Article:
Friday, June 6, 2008
Wednesday, June 4, 2008
Friday, May 16, 2008
What a clever idea, though.
The Backlash to Tina Fey, George Clooney, and More on the Undulating Curve of Shifting Expectations -- New York Magazine
Friday, May 9, 2008
Wednesday, April 30, 2008
I just started Davies' Cornish Trilogy, and I'm stunned by the quality of his writing. Clear, sharp prose, very lively and an utter delight to read. I'm a late arrival to Davies, though, so I looked him up on wikipedia, and found this quote:"I don't want a word-processor. I process my own words. Helpful people assure me that a word-processor would save me a great deal of time. But I don't want to save time. I want to write the best book I can, and I have whatever time it takes to make that attempt."
A man after my own heart.
Monday, April 28, 2008
Friday, April 25, 2008
Wednesday, April 23, 2008
Not to pick on Kubalo Washatko, or anything - this is truly a beautiful project, expertly done. There are many, many positives about its design, and that's BEFORE you say "LEED Platinum."
But I look at this year's AIA / COTE Top Ten Awards (look here), and...I'm underwhelmed by the variation of design approaches. There's definitely a "look" - a beautiful, friendly look, but a look nonetheless. Is that a good thing? I'm not so sure. I'd like to see a bit more disparity within the green approach.
As I said, I get it. Not every situation is right for every player. If Boren was being pushed in directions he didn't want to go, if he was feeling overwhelmed, if he was being asked to do things outside his skill set...all of those are valid reasons to leave. He presumably wants to make the NFL, as most kids at this level do, and if he (still talking about a non-specific, generic "he") thinks that this system will not only not help him to that goal but could actually keep him from achieving it, he SHOULD go. And I would wish him the best. I would root for him to make it, and I would take some measure of pride in that fact that he did. His dad was a Michigan man, and he'd be a Michigan man, no matter what school they said after his name at the draft. Just like Trevor Pryce, Jon Ritchie, David Bowens...all those guys. No hard feelings whatsoever.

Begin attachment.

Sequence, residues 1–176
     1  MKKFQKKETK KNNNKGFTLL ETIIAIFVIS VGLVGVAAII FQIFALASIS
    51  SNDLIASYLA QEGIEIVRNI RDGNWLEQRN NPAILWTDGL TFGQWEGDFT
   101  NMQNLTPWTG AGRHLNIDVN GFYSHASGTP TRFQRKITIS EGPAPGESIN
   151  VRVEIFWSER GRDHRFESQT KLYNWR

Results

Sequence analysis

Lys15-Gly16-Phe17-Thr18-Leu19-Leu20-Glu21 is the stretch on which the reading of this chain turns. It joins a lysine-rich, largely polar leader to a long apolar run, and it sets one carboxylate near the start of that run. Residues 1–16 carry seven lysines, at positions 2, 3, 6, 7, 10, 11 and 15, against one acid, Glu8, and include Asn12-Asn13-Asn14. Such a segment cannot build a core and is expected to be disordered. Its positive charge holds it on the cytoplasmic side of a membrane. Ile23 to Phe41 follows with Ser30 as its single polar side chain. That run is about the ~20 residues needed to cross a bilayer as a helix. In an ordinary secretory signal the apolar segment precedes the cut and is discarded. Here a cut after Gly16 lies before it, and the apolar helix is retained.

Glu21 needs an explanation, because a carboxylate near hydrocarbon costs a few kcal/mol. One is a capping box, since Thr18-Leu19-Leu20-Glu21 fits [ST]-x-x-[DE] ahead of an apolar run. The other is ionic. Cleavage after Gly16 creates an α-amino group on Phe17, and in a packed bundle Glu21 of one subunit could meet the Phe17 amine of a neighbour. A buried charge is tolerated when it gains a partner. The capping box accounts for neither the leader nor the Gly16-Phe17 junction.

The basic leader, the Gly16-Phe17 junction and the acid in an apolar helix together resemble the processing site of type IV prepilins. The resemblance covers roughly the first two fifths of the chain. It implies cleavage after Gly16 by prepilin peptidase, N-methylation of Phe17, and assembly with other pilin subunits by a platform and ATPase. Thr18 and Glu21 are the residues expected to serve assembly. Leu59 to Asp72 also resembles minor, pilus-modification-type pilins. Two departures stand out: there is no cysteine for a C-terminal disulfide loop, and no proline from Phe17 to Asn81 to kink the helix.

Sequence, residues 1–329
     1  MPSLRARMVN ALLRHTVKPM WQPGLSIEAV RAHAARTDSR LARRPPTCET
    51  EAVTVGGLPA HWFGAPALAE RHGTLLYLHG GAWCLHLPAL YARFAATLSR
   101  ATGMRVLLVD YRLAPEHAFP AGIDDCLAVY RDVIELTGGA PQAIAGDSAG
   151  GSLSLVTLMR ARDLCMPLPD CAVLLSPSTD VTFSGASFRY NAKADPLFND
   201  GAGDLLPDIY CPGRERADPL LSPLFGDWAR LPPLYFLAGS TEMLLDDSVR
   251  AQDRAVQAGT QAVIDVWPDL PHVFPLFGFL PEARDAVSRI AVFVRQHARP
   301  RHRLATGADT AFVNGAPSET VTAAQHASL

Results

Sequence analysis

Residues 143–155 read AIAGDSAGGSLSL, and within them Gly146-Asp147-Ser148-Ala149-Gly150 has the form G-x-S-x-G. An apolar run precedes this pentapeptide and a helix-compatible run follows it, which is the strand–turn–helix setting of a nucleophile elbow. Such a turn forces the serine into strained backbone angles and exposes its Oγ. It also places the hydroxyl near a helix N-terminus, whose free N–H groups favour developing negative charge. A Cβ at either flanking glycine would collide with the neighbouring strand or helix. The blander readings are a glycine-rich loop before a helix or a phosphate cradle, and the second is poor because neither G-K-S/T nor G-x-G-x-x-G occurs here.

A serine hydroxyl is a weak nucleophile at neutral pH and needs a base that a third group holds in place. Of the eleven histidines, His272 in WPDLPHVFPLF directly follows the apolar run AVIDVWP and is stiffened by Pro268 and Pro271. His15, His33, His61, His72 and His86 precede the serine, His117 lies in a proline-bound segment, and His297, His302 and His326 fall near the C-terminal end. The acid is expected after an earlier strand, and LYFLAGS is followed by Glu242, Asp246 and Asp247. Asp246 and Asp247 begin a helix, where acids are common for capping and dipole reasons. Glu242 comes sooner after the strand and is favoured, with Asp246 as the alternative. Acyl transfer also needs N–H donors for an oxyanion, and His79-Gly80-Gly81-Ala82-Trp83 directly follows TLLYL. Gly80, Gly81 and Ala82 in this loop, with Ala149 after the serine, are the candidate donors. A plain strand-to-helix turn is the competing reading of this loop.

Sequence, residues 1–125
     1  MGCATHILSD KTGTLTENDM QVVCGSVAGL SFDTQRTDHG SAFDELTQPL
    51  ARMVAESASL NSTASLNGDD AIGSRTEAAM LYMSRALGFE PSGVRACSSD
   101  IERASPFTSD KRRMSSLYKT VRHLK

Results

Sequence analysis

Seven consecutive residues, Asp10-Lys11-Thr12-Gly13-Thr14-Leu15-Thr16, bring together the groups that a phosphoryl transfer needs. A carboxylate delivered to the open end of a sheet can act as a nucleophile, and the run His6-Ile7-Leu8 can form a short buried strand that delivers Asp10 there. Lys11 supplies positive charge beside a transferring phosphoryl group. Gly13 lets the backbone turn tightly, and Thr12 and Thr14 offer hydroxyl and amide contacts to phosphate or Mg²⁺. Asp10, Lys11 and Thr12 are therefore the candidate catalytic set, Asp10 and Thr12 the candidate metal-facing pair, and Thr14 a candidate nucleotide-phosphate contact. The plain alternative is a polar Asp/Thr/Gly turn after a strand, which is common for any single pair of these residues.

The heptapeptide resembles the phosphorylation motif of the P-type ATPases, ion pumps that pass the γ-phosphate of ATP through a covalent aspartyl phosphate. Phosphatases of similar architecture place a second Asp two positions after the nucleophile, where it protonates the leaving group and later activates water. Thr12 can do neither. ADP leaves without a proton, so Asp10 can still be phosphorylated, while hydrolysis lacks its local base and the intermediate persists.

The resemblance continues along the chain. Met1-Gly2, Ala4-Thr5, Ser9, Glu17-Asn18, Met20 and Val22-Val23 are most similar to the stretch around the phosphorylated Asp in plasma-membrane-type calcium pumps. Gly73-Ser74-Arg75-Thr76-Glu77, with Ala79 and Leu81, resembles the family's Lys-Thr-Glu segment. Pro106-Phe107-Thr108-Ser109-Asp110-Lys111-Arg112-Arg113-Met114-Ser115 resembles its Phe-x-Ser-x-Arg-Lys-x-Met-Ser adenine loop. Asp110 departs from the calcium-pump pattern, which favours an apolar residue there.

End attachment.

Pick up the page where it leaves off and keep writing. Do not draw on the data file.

But going to Ohio State...man, I just don't get it. Did he learn nothing from his father? From his years under Lloyd? Lloyd, above all things, values and instills loyalty. This smacks of petulance and a desire to hurt the program as much as possible. I can read his mind - "I hate this place. I hate the new guy. What's the most in-your-face choice I can make? I got it..."
And for that reason I say, for the first time ever...
Good riddance. Enjoy your music appreciation classes, enjoy your couch burning, enjoy Satan.
Monday, April 21, 2008
Friday, April 18, 2008
...when you tell a potential consultant / supplier exactly what you don't want, and they propose it anyway, at the last minute and too late to make significant changes to the proposal / pricing structure...is it okay (or even smart) to essentially get rid of them?
Here's the deal. I'm working on an 8-story hybrid parking garage / residential / office / retail project, and we're trying to work out our structural system. Steel is out for a variety of reasons, not the least of which is the fact that we don't want to fireproof the hell out of everything. So now we're down to precast beams, columns and plank or completely cast-in-place, and we're soliciting preliminary proposals from the two major local suppliers.
We told the precast guy - columns are okay, beams are okay at the demising walls, but we need to run plank parallel to the exterior wall so that we don't reduce the available glass with a beam. This is last Friday, with a deadline for today. Well, I got a package from him that is essentially exactly what we don't want. Beams at the glass line ("don't you have spandrel anyway?").
So. The problems here are myriad - the supplier is, frankly, outstanding. They do very high-quality work, are conscientious, and are pursuing the project aggressively enough that we're going to get a great price. Their guy is a high-energy, quality guy who is very easy and enjoyable to work with. Unlike some other precast suppliers, they are very collaborative and always take a team approach to a project. They're great. But I'm put off by this. I hope the price difference between systems is significant enough that the decision is basically made for me.